The timing of these Electro scenes are a bit weird. We see him gliding along the subway lines on his way to meet the Frightful Four in issue #38. But then in #39, which takes place long enough later for people to be worried that Chip Martin has been missing, Electro shows up on foot at their headquarters. So it seems to take a really long time for him to travel from a subway stop near Aunt May's rest home (in Queens, i think) to the Bowery in New York City. And then we see Electro fight the FF in the middle of #39 and it's not until the last page of issue #40 that we see them again, still resting from their fight.
A complaint about a similar sequencing problem is in the lettercol of issue #40 about issues #29-32. As the letter makes clear, things are even worse when the sequences try to tie-in with events in Amazing Spider-Man.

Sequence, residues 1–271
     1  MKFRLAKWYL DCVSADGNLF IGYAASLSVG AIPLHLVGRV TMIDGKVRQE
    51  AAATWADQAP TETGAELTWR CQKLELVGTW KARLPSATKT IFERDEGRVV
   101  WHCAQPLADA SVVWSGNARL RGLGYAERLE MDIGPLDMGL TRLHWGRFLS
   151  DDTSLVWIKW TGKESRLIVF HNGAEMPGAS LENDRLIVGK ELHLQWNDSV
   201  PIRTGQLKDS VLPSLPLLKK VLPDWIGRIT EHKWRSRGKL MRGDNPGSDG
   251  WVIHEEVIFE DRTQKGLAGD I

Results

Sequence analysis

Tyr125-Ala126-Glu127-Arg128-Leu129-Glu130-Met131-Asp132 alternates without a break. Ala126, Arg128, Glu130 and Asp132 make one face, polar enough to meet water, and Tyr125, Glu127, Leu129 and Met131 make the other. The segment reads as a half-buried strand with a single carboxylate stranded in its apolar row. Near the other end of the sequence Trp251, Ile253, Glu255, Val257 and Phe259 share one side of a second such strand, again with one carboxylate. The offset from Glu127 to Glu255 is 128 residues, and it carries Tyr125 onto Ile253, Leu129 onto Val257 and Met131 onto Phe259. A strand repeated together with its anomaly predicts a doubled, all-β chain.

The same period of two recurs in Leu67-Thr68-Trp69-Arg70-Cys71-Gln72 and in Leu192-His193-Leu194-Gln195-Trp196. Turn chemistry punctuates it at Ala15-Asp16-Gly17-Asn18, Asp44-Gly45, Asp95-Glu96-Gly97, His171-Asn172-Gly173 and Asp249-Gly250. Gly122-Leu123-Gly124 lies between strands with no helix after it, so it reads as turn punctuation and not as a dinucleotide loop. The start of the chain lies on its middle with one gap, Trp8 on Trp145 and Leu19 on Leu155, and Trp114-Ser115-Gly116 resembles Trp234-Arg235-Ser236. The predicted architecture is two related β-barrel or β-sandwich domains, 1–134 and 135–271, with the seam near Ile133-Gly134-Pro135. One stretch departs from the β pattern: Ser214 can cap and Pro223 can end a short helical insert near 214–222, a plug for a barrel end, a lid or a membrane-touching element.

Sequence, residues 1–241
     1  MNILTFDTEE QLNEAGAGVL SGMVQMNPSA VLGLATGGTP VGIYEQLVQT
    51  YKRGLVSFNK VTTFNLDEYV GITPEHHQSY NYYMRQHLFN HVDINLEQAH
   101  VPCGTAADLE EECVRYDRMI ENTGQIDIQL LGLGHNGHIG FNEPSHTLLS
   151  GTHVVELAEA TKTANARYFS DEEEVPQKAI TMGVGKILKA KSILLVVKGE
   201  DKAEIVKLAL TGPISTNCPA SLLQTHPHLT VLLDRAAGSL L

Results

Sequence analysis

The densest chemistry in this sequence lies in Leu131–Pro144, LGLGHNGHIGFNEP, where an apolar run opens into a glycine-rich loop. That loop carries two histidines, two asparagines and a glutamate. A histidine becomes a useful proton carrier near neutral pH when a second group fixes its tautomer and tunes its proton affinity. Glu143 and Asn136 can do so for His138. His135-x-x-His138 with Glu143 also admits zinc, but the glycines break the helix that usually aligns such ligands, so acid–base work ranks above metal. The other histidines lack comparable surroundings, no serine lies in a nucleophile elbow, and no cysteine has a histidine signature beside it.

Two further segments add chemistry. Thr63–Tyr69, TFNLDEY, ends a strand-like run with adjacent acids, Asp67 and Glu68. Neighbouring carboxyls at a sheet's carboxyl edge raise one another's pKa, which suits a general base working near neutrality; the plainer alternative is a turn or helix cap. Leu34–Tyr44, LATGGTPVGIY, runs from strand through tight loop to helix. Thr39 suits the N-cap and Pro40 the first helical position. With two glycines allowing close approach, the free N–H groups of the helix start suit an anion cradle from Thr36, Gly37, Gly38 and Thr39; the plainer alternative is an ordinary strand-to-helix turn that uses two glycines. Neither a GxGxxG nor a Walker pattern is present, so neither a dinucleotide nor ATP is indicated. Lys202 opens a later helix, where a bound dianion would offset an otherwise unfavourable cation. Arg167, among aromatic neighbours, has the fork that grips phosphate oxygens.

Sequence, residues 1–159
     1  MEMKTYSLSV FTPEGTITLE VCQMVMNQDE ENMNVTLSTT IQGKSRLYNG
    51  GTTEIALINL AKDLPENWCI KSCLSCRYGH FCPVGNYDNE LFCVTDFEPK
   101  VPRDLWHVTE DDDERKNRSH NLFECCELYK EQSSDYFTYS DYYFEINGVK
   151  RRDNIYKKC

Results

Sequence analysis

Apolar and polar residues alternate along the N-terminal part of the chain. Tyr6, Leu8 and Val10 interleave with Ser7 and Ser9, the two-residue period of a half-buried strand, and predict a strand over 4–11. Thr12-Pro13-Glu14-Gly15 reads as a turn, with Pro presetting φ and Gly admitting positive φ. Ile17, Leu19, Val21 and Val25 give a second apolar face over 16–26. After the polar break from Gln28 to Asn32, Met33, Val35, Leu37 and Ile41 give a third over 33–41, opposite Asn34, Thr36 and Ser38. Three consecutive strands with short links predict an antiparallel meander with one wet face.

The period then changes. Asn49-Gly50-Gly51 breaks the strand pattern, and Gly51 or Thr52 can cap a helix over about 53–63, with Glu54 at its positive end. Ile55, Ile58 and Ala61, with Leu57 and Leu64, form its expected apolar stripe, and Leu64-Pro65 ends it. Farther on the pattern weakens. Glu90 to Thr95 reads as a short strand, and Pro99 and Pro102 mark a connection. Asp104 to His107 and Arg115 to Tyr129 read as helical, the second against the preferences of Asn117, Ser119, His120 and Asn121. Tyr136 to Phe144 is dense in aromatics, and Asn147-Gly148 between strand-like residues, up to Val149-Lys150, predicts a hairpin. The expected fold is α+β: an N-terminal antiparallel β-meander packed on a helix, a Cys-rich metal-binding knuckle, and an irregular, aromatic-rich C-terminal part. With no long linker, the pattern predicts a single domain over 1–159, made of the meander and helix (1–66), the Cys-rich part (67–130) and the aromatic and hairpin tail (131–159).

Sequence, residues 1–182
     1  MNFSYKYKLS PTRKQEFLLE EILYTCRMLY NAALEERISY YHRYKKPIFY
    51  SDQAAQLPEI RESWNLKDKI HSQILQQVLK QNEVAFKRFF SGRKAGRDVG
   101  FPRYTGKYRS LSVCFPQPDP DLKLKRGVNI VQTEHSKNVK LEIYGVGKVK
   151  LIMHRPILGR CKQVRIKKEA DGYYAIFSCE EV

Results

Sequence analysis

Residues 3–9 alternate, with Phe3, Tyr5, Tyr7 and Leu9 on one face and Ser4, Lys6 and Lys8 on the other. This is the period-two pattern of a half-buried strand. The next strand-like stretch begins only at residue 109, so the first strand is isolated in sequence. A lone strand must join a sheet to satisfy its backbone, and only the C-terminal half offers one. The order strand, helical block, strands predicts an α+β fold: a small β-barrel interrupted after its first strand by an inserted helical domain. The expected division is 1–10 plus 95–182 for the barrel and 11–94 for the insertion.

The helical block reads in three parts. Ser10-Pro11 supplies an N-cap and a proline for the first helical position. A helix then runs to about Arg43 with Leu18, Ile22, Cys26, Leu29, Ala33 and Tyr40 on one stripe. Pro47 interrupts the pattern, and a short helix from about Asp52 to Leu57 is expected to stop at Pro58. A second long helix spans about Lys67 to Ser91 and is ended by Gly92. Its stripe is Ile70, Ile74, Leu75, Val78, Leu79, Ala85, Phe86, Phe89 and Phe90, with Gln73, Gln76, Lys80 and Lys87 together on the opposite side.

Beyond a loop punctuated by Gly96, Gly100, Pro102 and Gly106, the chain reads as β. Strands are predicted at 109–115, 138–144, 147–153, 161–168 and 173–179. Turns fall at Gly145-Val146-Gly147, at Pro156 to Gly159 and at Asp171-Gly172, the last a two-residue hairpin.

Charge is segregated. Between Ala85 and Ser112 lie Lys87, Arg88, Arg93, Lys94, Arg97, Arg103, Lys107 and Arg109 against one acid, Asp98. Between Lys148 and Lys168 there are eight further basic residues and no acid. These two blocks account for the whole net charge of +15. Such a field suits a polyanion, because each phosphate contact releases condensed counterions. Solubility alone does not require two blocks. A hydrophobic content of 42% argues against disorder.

Along the same lines is this scene with J. Jonah Jameson.
This story definitely takes place after Amazing #200, but here's JJ back at the Bugle (albeit a "nutcase") despite his complete nervous breakdown during that arc. As Michael noted in the comments for that arc, the theory is that JJ had a temporary recovery and that's why he's back here.
(I also think the "Rog" in that panel looks like Roger Stern. If so, is "nutcase" JJ meant to be Jim Shooter?)
These sorts of problems will be mitigated to a large extent beginning with a change in the editorial organization, starting next issue, that puts all Spider-Man titles under the domain of the same editor.
As for these issues - definitely a lot going on. A very random cure of Michael Morbius. I'm iffy on the Schizoid Man; as a way to demonstrate Spider-Man's emotional problems leading up to the Lizard transformation he's fine, but as an actual character he's boring while also risking trivializing real mental illness problems (which i think have been handled better when not done so explicitly; see the original Green Goblin, for example). Artwise, i actually enjoyed the three different artists, all of whom bring their own thing.